The Shanghai Express at the ITC Grand Central, Lower Parel has reached its terminus at Beijing and will halt there till June 9, 2019.
The ITC at Lower Parel will hold the last part of its five major Chinese Cuisine experience and host the famous Beijing Cuisine for the next ten days from May 30th to June 9th, 2019. Their far east restaurant The Shanghai Express will serve authentic Beijing dishes especially prepared by Master Chef Jia for their menu.
Beijing or Mandarin cuisine is one of the five major cuisines of China. It is distinct from the Szechuan, Hunan, Canton and Shanghai cuisines in that, that it is the cuisine greatly influenced by Beijing being the capital city and therefore the political hub of the country for the last eight hundred years.
Each dynasty, whether native Chinese or from the surrounds, added to the fascinating imperial cuisine; wolf’s and swan’s meat by the Mongol Yuan Dynasty! The Court of Persia, which took refuge when fleeing from the Arab Aggression also had a lasting influence on the kitchens of the Imperial Court. ‘Shaobing’, a baked, flat bread, hot pots and grilled and sliced meats would be a good example.
Beijing is the cuisine from North of China with its variant served throughout the Northern region. The geographical location and its extreme climate —too hot, too dry, too cold — and surrounding hills made it incumbent on the cuisine to exclude, until very recently, fresh foods like fruits, fish and vegetables. Art of Pickling and Preserving foods developed.
The pollution of a well populated capital did not help! So originally and necessarily, staples were maize, sorghum and buckwheat not rice or wheat. Over the years Wheat, Soya, Vinegar, Maize were introduced and in the last eight hundred years the cuisine of Beijing has changed tremendously. Interestingly there is a ‘Beijing Cabbage’ —- a cabbage grown in the orient which unlike the cabbage known to us does not have a compact cluster of leaves at its heart, cylindrical in form, pale leaves with large crisp base.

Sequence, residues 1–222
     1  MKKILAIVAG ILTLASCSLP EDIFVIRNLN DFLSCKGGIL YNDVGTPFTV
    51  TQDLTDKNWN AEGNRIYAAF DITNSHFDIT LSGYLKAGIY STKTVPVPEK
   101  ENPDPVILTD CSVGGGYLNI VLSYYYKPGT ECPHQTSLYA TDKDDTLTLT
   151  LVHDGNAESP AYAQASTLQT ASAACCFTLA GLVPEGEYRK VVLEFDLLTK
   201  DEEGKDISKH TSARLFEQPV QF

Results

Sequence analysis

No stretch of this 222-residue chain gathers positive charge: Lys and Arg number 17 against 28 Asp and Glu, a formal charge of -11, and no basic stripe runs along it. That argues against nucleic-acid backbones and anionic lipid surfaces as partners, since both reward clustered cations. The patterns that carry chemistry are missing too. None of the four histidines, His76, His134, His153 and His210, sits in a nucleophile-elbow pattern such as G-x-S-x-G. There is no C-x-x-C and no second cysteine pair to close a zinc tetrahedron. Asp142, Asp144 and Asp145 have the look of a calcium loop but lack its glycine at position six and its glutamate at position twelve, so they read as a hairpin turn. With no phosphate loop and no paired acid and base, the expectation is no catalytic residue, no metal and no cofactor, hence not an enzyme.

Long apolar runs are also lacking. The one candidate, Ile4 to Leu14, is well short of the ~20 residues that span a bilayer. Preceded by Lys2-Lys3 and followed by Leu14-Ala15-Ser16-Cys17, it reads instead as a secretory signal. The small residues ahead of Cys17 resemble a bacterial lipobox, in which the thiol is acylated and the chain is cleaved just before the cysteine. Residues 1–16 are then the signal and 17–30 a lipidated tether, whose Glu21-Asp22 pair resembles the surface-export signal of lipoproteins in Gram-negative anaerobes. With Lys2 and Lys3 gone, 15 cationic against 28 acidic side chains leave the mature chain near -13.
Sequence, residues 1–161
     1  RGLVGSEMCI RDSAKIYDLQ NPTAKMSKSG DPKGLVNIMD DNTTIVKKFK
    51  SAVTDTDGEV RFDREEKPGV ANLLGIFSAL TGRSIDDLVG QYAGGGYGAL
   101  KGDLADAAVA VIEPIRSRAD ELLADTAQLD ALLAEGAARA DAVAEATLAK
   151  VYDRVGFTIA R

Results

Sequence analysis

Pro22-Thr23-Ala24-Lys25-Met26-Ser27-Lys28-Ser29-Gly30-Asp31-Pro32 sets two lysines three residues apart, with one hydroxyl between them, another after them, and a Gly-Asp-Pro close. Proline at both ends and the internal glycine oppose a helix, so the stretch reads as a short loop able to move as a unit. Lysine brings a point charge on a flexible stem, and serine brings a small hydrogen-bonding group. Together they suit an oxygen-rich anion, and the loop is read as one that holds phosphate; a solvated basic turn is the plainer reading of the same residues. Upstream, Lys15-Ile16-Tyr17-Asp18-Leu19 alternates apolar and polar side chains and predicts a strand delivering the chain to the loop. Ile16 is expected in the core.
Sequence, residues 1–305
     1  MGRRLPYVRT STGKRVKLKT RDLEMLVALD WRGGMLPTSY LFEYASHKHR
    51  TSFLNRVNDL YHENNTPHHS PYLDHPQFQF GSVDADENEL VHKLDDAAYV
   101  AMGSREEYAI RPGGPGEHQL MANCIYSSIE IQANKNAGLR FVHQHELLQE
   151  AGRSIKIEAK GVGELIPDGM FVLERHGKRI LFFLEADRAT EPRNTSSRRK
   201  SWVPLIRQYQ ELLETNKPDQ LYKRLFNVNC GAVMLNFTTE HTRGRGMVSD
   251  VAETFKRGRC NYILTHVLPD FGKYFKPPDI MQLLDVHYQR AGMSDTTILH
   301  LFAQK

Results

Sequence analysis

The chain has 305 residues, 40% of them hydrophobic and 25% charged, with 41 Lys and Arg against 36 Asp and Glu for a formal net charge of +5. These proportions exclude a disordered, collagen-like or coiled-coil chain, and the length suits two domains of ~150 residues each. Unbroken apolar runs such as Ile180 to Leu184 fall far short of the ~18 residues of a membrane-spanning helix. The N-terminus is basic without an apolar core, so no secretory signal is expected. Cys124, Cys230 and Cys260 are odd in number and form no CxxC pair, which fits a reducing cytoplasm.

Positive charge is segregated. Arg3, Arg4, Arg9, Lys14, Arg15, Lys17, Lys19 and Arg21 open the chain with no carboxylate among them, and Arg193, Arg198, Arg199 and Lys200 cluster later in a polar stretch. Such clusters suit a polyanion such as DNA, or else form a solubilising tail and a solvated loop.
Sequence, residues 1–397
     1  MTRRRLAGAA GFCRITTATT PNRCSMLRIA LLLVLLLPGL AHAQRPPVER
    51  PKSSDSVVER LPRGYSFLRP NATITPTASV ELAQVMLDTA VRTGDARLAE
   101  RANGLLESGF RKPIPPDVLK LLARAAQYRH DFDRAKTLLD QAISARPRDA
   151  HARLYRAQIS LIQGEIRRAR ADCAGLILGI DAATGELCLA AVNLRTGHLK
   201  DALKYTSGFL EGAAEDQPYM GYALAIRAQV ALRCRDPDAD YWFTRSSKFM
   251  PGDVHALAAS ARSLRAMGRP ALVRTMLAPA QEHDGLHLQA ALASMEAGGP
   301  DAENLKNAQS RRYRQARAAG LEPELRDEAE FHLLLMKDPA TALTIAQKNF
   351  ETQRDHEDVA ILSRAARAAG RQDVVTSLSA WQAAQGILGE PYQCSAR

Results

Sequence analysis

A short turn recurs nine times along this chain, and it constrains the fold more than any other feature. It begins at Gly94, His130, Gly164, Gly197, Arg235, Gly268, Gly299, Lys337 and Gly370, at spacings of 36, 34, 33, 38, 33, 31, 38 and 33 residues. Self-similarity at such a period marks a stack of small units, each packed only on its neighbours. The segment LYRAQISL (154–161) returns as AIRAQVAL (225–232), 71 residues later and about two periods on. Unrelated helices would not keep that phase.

Pork meat, and in Muslim habitats, beef or mutton and of course the Imperial Court added exotic fowl (Duck/Swan/Chicken) to its cuisine. Beijing flavours its food with coriander, ginger, garlic, scallions, wines and soy.
The Shanghai Express is serving two varieties of set Beijing meals— @ Rs. 1500 per person and Rs. 2000 per person. Both tickets avail the customer one soup from a choice of 2 vegetarians and 2 non-vegetarian; one main dish from a choice of four vegetarian or four non-vegetarian; one noodles or rice again, from a choice of two noodles/rice and one out of a choice of two deserts.
The more expensive Rs. 2000 per person meal has one Appetizer added on from a choice of four vegetarian and four non-vegetarian.
My friends and I tried the Peking duck and mushroom soup— mild, smooth and laden with little cubes of Duck meat accompanied by Mala Xia — huge tiger prawns in mala sauce, fried to a crisp and chilly hot! Beijing Kaoya Juan — Peking roast duck rolls with pickled cucumbers thrown in for a sweet and salty taste and the vegetarian Haricot beans tossed with dry chilli and Chinese YACA.
THE quality of their lamb, both in the appetizers and the main dishes was as always excellent and delicious when cooked by Chef Jia. The cutely named Pixie Jiding gentle smooth and mild on the palate — chicken in a beer sauce. All in all, the meal was worth spending time over and value for money!
The Aiwowo (a steamed croquet of stewed walnuts and raisins in a sweet sauce covered in rice flour and shredded
coconut) was unique amazingly delicious and to die for. The nut and dry fruit stuffing was reminiscent of the flavours of Khubani Ka Meetha and yet with a distinct Chinese bent.
Obviously, camels’ humps, apes’ lips, bears’ paws, preserved exotica like birds’ nests (edible nests of swifts) and sea cucumbers of the Imperial Cuisine are a thing of the past. Beijing Cuisine in the modern times is a sophisticate set of dishes delicious and very appealing to the Indian Palate.